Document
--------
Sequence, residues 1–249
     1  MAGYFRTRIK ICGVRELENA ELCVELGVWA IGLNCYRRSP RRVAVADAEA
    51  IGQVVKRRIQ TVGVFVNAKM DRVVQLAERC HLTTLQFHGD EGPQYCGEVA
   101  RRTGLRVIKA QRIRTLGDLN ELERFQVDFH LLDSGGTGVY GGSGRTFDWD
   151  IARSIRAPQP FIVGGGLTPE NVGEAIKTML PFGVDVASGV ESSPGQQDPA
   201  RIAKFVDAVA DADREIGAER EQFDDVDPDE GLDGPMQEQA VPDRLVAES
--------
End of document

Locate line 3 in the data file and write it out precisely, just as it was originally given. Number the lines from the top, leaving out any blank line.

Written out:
    51  IGQVVKRRIQ TVGVFVNAKM DRVVQLAERC HLTTLQFHGD EGPQYCGEVA